# Validating transactions with ZK methods

After reading some topics on the implementation of ZK methods in the Ethereum, how would this affect the PoW?

Please have someone correct me if I am wrong (I started recently), but if the nodes need to validate transactions, how can they do it without having access to the information?

For example: a smart contract fulfills a condition when person A makes a payment of 1 Ether to person B. With ZK methods this information is not known. Therefore, if it is not known, how can the nodes validate that the contract has been correctly fulfilled if it is not possible to access this information?

The idea is generally that whoever generates the transaction (and the ZK proof) would have the information needed to correctly process that transaction, and would use that information as part of the process of generating the proof.

Hum… could you explain more about that? I don’t quite understand

So for example here is how a ZK rollup works:

• Alice, Bob, Charlie… Zachary all sign transactions that send money from some account to some account (inside the rollup). They send their transactions to an operator, Ozzie.
• Ozzie verifies all the transactions, and computes the Merkle root of the new state (ie. everyone’s new balances) after the transactions are processed. Let `R` be the previous Merkle root (ie. the Merkle root of everyone’s balances before these transactions are processed), and `R'` be the new Merkle root. Ozzie also generates `D`, a compressed record of the balance changes made by the transactions.
• Ozzie generates a cryptographic proof, that proves the statement “I know a bunch of transactions such that if you start with a state whose Merkle root is `R`, then apply the transactions, it leads to the balance changes in `D`, and leaves the new Merkle root `R'`.” Ozzie publishes `D`, `R`, `R'` and the proof to the chain. The smart contract checks that the current Merkle root is `R`, verifies the proof, and if all checks out, changes the Merkle root from `R` to `R'`. Notice that the transactions themselves never need to go on chain, just `D` (~15 bytes per transaction).

ZK-SNARKs generally have the property that you can make proofs of claims like “I know a piece of data, such that if you perform a calculation with this data and some other data, then the result is 1846124125”. These proofs can be verified very quickly no matter how complex the claim is that they are proving.

Does that make some sense to you?

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I think I get it… May I ask another question? The Ethereum blockchain has the data visible in its transactions, but is it possible to encrypt some of the information? Must ALL information be made public? If some of the information can be encrypted, then the nodes cannot read it or execute the PoW, am I wrong?

Therefore I deduce that the information must be obligatorily public, but sometimes I can’t understand this concept (I read some research articles in which researchers develop frameworks to encrypt information… does it make sense?)

Thank you very much for answering!

The information on the blockchain has to be public for it to be properly used for a PoW. Smart contracts don’t have secrets.

However, the information that is provided to the smart contract doesn’t have to be cleartext. For example, if I have a smart contract that publishes messages, I might send it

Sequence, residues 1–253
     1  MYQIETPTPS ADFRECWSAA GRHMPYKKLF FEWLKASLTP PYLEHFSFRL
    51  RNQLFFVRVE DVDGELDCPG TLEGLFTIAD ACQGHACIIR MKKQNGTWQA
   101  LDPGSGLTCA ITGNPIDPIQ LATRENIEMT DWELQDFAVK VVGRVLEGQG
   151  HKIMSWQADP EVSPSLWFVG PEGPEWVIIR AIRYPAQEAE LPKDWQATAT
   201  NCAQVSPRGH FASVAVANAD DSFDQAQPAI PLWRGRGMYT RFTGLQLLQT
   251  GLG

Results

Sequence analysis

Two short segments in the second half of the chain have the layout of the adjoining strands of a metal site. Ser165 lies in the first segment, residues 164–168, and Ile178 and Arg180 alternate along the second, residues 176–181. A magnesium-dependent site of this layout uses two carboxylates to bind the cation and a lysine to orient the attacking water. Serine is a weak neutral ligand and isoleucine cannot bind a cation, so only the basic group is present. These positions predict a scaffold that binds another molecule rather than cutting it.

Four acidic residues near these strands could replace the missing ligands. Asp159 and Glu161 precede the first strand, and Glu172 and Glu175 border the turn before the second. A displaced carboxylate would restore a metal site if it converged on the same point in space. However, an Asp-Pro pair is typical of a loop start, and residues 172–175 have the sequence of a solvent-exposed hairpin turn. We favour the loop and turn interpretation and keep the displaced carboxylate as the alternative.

`Uryyb, jbeyq`

Everybody will know the message, but only people who know how to decrypt it (https://rot13.com/) will know that the message is actually

`Hello, world`

Thanks a lot for your answer! Then, my last question is: the PoW does not need to see the information to validate a transaction, right?

What confuses me is: how can the nodes validate the transactions if they can’t see the plain text? (because as far as I know, at this moment Ethereum doesn’t have Zero-knowledge methods)

Whether it is PoW or PoS, the blockchain has to have the information to validate the way smart contracts run. If a smart contract needs to be able to read the cleartext, anybody on the blockchain will be able to read the cleartext.

AFAIK, the only way to use secrecy on the blockchain is to handle the encryption and decryption in the UI code, and only have the ciphertext on the blockchain.

I think I understand… May I give you a little example?

Let’s say a contract that runs an auction. The auction is private, so I send what I’m willing to pay (just like anyone else who calls the contract). Then, the auction is executed.

If the blockchain nodes have to validate the transactions and decide if the result is correct, all those nodes must also know the bids that were placed, right? Then there would be no privacy in the data.

Is this correct?

btw, what’s UI?

Exactly. You could have your bid come from a throw away address you’ve never used and will never use again, but the amount of the bid cannot be a secret.

UI is short for user interface. It would typically be code that runs in your browser and communicates with the blockchain.

Thank you very much for the answer. So, that said, do at least 51% of the nodes execute (and validate) all the contracts of all the transactions that are made every 17 seconds?

Sometimes the blockchain seems like magic to me.

I haven’t read the white paper so I’m not sure, but I think all nodes execute and validate all the transactions. Otherwise they wouldn’t be able to verify that a proposed next block is valid.

All nodes execute and validate all the transactions. If they didn’t do this I could create a block creating a lot of eth and giving it to myself. If people don’t check everything they could be vulnerable to this attack.

yeah good point… Thanks so much guys. That helped a lot.